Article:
A nonprofit publication of the Kentucky Center for Public Service Journalism

People of NKY: Sheila Fields made history in Nevada, now devotes her talents to Cov’s waste management

By Ginger Dawson
NKyTribune reporter

Sheila Fields

Let’s start this off right at the very beginning.
It was 12:02 a.m., January first, 1970. Like every hospital in the world waiting for its newest arrival in the delivery room, the one in Boulder City, Nevada (right outside of Las Vegas) looked forward to the publicity that would result from their fortune in winning the distinction of delivering the first-born baby — not only of the year, but of the entire decade for the state of Nevada.

It was a big moment and everybody was waiting. Sally, the lucky baby’s mother, had been toying with the idea of naming the new baby Strawberry. The family surname was Fields. Hence, the little girl would be named after a Beatles song, “Strawberry Fields.” It was a fun idea, and clearly in keeping with the times.

The news media, of course, wanted the story of this annual event, and all of the attention and hoopla surrounding the birth made Sally a little uncomfortable with her name choice. She ultimately decided on Sheila, after her sister. Any possible issues with a name so particularly linked with such a notable era would not end up being a sticking point, whatever it might be,  to the little girl.

There are plenty of people walking around who have names that would indicate that they are the children of hippies. Moon Unit Zappa comes to mind. Not that that’s a bad thing, but how would that work in a corporate board room? You just never know how the future is going to play out, or what the kid is going to end up doing in life.

So, Sheila Fields was the first new person to join the state of Nevada that year.

A favorite selfie. Old school.

Nevada, even though Sheila was born there, was a relatively temporary location for her. 

Her family had deep roots in Northern Kentucky. The trip to Nevada was a result of Sheila’s paternal grandfather’s vocation. He had been in the gambling business back in the day when Newport was “Sin City”, with its casinos and “gentlemen’s” clubs.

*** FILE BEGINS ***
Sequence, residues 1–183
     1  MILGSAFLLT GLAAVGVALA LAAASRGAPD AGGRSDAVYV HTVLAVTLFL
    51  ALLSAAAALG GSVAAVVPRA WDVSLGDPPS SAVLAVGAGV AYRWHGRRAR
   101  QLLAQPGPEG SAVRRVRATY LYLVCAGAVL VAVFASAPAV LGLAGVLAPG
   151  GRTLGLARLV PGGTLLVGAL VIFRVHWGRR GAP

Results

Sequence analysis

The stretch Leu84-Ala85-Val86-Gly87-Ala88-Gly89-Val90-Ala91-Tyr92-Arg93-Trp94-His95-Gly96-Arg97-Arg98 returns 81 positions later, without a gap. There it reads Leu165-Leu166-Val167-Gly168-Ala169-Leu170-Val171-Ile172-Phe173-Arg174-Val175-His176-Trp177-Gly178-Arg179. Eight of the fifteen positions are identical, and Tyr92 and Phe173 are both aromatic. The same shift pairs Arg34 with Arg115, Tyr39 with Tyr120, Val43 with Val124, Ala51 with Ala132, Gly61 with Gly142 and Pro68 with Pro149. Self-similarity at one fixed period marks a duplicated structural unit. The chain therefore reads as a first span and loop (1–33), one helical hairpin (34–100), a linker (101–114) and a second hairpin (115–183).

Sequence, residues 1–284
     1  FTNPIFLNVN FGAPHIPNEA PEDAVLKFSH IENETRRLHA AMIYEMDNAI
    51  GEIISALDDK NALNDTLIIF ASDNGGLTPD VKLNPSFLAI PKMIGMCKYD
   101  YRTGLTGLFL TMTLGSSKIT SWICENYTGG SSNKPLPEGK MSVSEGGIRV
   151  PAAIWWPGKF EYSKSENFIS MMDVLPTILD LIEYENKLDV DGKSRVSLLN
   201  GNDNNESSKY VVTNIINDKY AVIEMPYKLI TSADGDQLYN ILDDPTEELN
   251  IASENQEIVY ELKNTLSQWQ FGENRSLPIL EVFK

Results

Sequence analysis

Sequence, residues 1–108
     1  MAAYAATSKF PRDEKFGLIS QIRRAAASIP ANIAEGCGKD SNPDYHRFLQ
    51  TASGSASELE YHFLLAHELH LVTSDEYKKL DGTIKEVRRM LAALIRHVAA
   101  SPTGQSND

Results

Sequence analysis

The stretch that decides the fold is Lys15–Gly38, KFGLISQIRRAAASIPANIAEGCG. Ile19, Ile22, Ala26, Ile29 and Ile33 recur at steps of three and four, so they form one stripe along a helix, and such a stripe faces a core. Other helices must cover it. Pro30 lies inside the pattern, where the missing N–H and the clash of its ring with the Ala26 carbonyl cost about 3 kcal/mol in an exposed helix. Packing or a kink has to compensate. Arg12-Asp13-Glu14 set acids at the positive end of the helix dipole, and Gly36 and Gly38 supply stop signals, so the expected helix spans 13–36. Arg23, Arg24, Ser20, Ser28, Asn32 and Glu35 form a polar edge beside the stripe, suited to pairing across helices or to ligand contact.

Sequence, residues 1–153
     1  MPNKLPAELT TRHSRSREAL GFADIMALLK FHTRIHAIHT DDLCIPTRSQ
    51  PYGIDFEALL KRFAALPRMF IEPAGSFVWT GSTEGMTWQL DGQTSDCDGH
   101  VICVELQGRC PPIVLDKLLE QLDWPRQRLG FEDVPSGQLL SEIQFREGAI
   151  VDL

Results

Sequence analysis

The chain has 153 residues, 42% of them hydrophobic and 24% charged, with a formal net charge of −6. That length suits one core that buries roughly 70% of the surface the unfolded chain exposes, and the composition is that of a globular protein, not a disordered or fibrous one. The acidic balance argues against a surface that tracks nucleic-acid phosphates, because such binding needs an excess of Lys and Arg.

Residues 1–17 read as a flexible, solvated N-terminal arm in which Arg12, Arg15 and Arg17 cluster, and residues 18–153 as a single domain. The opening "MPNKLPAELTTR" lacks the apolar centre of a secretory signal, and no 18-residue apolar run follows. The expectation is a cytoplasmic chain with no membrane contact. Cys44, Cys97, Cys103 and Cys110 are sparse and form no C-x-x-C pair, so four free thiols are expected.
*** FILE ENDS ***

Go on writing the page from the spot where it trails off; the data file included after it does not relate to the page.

When Newport’s infamous run ended, the casino business moved to Las Vegas. Sheila’s grandfather went there to follow the money, and her father followed it, too.  

After a short time, Sally, Sheila, and brother Bobby returned to Northern Kentucky. It was time to come home and leave difficulties behind. They settled in Park Hills.

Shortly thereafter, luck revisited. Sally met Stuart Hochman in 1973. It was kismet and they have been together ever since. Sally, Stuart, Sheila and Bobby became a family.

In 1975, they moved to Morning View, Kentucky. Sally had found them a dream home. It was a cabin situated on a finger of land on a lake.

Sheila and her crew at a River Sweep event with Keep Covington Beautiful. (Photo courtesy of KCB)

For Sheila, it was the best possible kind of childhood. There was plenty of area to explore and the solitary connection with nature was a powerful thing to her. Sheila has fond memories of laying in bed at night falling asleep to a serenade of frogs and crickets.  

Sheila grew up out there in the country, and like many rural kids, she developed a very independent, self-sufficient streak.  

Sheila Fields can take care of herself.  

After graduating from Simon Kenton High School in Independence, she went off to college. Her first year was spent at the University of Kentucky in Lexington. She came back home the next year and continued on at Northern Kentucky University, where she divided her time between school and work.